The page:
Scientists Find Fossilised Fish That May Have Been Blasted by Debris From Asteroid That Ended the Dinosaur Age

By Ryan F. Mandelbaum on at

Palaeontologists unearthed among the most important graveyards on Earth in the US state of North Dakota: the fossilised remains of fish seemingly killed by the effects of the dinosaur-ending meteor.

We know that a large asteroid struck the Earth 66 million years ago, and around the same time, the dinosaurs went extinct. We’re not completely sure whether the asteroid was solely responsible for the mass extinction, but you might ask, “Shouldn’t we see remnants of animals killed by the asteroid’s effects?” Well, now we have found some.

“This is the last day of the Cretaceous,” David Burnham, professor in the Department of Geology at the University of Kansas and one of the study’s authors, told Gizmodo.

When a giant meteorite strikes, you’d expect chaotic effects, like rocks altered by the impact’s high pressures and temperatures, enormous earthquakes, and tsunamis. But Earth’s rocks don’t directly preserve single days of the planet’s several billion-year-old history. You’ve got to get creative when it comes to teasing apart the geologic record. For example, around the world, layers of rock 66 million years old seem to contain excess iridium, presumably deposited by the Chicxulub impactor that struck near what is today the Yucatán Peninsula of Mexico. Then there are tektites, small, glassy spheres of compressed and heated rock. Theoretically, there should also be fossilised evidence of animals killed by the asteroid’s effects.

The Tanis formation (Screenshot: DePalma et al/PNAS)

This is what makes the new research, led by Robert DePalma at the University of Kansas, so exciting—the description of a pair of sediment layers at the Tanis site of the The Hell Creek Formation in southwestern North Dakota. Both layers contain an excess of iridium, but only the lower level contains glass pieces that seemed to have been deposited from an inland-moving force. They take this to mean that they’re observing two events: The upper layer is the settling dust from after the impact. The lower is a large deposit of sediment from the hours following the impact.

But if the rocks alone don’t convince you, perhaps the fossils in the event deposit will. A large swath of ocean travelled up the interior of the United States during the Cretaceous, terminating not far from the Tanis region. But the rocks at Tanis preserve a mixture of both freshwater fish, like paddlefish and sturgeon, and marine molluscs called ammonites—implying that around this time, the ocean had mixed with freshwater rivers. And lodged inside the fossilised paddlefish’s gills were more of the glass spherules. It appeared that wave containing shocked glass from the impact over 3,050 kilometres (1,895 miles) away had inundated the area, and in their dying breaths, the fish had inhaled some of them.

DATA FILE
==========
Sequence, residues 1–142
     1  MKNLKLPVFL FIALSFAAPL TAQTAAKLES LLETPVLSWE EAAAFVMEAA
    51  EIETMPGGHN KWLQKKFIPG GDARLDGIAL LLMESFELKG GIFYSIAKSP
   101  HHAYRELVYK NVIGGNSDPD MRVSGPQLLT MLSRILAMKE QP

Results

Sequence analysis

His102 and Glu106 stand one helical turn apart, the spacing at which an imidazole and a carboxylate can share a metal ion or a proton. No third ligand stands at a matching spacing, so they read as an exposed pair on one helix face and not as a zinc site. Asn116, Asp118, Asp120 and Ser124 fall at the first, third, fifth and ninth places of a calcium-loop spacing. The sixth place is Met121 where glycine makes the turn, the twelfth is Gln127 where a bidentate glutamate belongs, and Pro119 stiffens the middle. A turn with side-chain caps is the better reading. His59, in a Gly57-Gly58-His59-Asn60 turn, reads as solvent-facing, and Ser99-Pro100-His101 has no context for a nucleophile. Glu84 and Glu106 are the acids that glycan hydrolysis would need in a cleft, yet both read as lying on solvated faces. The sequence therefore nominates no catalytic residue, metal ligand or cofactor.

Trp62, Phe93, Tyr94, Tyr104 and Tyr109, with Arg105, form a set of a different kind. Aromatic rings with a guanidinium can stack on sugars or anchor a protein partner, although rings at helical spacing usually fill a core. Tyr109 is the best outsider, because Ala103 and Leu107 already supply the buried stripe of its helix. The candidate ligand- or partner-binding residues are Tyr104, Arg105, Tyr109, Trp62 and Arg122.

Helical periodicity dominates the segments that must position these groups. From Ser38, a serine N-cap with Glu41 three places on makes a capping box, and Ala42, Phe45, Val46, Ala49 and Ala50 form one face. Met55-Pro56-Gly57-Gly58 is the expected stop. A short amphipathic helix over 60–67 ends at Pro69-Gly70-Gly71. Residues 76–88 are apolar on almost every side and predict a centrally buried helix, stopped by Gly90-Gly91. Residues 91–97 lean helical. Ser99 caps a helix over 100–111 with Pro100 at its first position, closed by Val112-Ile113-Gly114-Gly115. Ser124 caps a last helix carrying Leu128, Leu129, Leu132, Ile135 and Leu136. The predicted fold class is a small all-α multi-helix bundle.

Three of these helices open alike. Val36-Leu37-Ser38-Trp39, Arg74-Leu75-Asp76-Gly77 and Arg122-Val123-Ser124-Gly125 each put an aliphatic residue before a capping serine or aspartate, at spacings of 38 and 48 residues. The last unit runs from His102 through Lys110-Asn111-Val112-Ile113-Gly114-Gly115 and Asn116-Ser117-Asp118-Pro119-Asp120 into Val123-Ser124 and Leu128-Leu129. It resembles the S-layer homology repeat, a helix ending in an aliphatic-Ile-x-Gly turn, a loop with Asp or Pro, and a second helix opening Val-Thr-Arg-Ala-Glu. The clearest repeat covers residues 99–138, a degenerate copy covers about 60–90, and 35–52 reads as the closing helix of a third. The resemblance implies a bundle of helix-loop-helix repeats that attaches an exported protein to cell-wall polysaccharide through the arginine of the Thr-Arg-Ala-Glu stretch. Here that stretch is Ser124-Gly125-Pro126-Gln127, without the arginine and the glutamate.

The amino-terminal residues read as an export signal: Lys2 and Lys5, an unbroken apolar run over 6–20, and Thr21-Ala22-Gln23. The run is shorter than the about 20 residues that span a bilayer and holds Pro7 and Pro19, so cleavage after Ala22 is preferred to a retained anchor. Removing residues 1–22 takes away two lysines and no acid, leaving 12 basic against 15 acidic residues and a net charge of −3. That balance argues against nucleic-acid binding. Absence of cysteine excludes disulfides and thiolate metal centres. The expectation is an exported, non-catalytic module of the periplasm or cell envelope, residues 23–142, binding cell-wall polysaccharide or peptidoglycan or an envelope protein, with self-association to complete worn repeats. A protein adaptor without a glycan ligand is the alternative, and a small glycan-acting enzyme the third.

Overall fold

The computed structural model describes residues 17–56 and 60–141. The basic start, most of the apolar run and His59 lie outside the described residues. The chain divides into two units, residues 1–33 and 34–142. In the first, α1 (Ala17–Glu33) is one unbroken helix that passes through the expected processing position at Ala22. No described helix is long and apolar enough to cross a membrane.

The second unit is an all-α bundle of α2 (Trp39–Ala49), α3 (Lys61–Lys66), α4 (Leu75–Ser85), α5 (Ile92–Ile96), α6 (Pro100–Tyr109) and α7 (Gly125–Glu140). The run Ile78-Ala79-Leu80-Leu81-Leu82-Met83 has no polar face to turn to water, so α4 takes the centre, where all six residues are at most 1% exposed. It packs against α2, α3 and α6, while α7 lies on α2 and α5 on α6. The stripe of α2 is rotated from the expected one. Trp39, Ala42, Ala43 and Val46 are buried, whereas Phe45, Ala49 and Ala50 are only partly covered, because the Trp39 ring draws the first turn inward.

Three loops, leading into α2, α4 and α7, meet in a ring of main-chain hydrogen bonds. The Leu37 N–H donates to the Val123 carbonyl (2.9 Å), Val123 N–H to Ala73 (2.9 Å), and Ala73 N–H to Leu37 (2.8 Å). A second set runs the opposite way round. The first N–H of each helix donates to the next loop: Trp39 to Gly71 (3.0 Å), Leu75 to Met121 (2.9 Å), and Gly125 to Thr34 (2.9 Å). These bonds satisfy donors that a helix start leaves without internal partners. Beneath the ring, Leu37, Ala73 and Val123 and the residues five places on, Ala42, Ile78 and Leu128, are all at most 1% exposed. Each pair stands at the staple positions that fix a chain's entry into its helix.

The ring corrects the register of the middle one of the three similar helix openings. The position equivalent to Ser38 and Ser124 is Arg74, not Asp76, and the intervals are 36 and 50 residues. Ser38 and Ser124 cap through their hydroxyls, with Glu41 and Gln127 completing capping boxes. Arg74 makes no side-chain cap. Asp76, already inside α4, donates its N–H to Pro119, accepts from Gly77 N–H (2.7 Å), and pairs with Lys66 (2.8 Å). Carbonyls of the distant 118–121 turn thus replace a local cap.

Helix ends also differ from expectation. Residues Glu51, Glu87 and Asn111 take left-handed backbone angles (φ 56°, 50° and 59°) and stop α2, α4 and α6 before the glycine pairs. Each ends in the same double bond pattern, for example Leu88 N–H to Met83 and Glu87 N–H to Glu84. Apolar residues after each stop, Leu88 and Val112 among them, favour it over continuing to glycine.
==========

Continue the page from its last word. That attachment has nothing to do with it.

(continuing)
X-ray image showing spherules embedded in a paddlefish gill. (Image: DePalma et al/PNAS)

Other researchers were impressed by the work. “When I first read it, I kept saying ‘wow, wow, wow,’” H. Jay Melosh, distinguished professor of Earth, atmospheric, and planetary science at Purdue University, told Gizmodo. “I think this is one of the most spectacular palaeontological discoveries of the century. It’s a snapshot of the moment at which major deaths were occurring right after the impact.”

The researchers point out that there are other scenarios that might have brought the glass particles up to Tanis. Maybe there were meteorological events like gale-force winds, or landslides, the authors write in the paper, published in PNAS.

But the observations have far-reaching implications. The authors write:

“Observations at Tanis expand our knowledge of the Chicxulub impact’s damaging effects and their far-reaching scope. The highly probable link between impact-induced seismic shaking and the onshore inundation surge at Tanis reveals an important additional mechanism by which the Chicxulub impact could have caused catastrophic conditions in the Western Interior, and possibly worldwide, far from the impact site.

It’s amazing to imagine how abruptly life on Earth changed in the hours and days after the Chicxulub asteroid hit. And it’s equally amazing that we could find direct evidence from that time locked away in the remains of the creatures who experienced it.

Featured image: DePalma et al (PNAS 2019)